A gong rang out, and the nun came back on, “Please join us for a mindful lunch, in silence.” Immediately people began talking, the noise filling the air. Sophia and I looked at the long line forming for lunch. “I have some apples in my purse,” I said. Together we walked a ways down the road where we could stand away from the crowd, and shared my apples. “You know, I don’t think I’m going to stay for the afternoon. There are way too many people here and I feel overwhelmed,” I said. “Yeah, let’s go,” she agreed. We set off down the mountain. Dozens of other people walked with us. “I feel guilty, like I wimped out,” I confessed as we walked. “Why? You can be mindful wherever you go. You don’t need this place to know that.” I thought about how Sophia, meaning wisdom, was aptly named.

Together we walked the long road back to our cars. At one point a woman pulled over and asked, “Do you ladies want a ride?” But we were both enjoying the conversation and the company so much, we declined.

Driving home I realized that sometimes the greatest gifts don’t lie where we think we’ll find them. They aren’t necessarily in the holy places. Sometimes, they live right around the corner.

The Black Rabbit of Inle

The Black Rabbit of Inle visited my house last week. My rabbit, Molly, died on Thursday, October 24.

If you ever read Watership Down, you’ll remember the Black Rabbit of Inle visits Hazel, the hero of the story, in the final pages and invites him to join his Owsla (the rabbit police). Think of the Black Rabbit as the bunny version of the Grim Reaper. Hazel consents and leaves his body behind.

You may remember from a previous post that Molly had a parasite called e.cuniculi, which attacks the brain and nervous system. She had lost her sight and was gradually losing control over other functions in her body. A couple months ago we had to retire from our pet therapy visits because Molly couldn’t stand up anymore.

Last week she had declined to the point where I took her to the vet to see if anything else could be done. The vet didn’t think she would live through the night. I decided to take Molly home so that she could pass surrounded by her family.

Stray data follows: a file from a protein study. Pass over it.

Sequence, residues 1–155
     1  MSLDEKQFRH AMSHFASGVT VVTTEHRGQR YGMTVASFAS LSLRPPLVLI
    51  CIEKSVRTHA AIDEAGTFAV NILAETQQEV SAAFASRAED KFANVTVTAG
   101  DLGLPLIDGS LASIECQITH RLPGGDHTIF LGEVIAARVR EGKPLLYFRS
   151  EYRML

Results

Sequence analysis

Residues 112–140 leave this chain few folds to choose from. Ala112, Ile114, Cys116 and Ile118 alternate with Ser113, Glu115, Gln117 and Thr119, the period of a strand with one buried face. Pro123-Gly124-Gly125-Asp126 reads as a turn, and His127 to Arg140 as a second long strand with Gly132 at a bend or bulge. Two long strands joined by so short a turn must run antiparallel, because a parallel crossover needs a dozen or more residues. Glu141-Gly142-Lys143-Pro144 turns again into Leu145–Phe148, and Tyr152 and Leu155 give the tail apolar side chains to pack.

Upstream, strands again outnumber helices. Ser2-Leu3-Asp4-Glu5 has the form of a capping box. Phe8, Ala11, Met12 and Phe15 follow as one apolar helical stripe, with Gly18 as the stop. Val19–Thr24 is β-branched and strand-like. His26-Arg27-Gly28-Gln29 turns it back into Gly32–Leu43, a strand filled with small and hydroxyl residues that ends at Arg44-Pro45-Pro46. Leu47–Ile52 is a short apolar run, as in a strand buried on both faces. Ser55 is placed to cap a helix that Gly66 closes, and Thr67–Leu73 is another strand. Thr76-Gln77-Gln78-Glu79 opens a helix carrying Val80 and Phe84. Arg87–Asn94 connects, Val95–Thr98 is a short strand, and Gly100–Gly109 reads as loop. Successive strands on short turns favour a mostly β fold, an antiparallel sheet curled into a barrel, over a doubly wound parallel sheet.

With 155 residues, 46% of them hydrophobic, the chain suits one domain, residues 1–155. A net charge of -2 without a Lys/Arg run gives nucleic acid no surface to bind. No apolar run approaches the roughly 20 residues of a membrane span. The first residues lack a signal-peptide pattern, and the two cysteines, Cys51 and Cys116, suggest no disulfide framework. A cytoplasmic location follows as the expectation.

I made a death bed out of couch cushions laid on the floor, set up a heating pad, and placed Molly on her side. I spooned her from behind, while my other rabbit, Gilligan, lay on the other side. Making a “love sandwich” was something we often did in the evenings, and Molly always insisted on being in the middle.

For two hours we lay together in the peace. My rabbits have Sanskrit nicknames, and Molly’s was “Shanti”, which means “peace”. (Gilligan’s is “Ananda–joy”.) I chanted Om Shanti, pausing at times to tell her it was okay to leave her body behind, that Gilly and I would take care of each other, that she was only changing form and her soul would continue on its journey. I told her how much I loved her, how beautiful she was, and thanked her for the amazing gifts she had brought into my life with her presence. Her breathing was quiet and slow.

Then suddenly her body spasmed and she tried to breathe through her mouth (normally rabbits only breathe through the nose). Then, everything went quiet. Her breathing and her heartbeat had stopped. I knew the Black Rabbit had come. I kept chanting Om Shanti even though I was crying.


The Black Rabbit of Inle comes for Hazel.

Gilly and I kept a vigil over her body for another couple of hours. I wanted him to see and smell her so he could process what had happened. I combed out Molly’s fur, kissed her one last time, and wrapped her in a shroud I had made from some bunny-print fabric. I put her body in the freezer until I could take her to the crematorium.

The next day I went for a long walk on the beach. The fresh air felt good, and the wind dried my salty tears against my cheeks. At my turnaround point I sat on a rock and looked out to sea. I watched the waves rising, cresting, falling, and then a moment of calm before another set of waves. It was a perfect reflection of my emotions.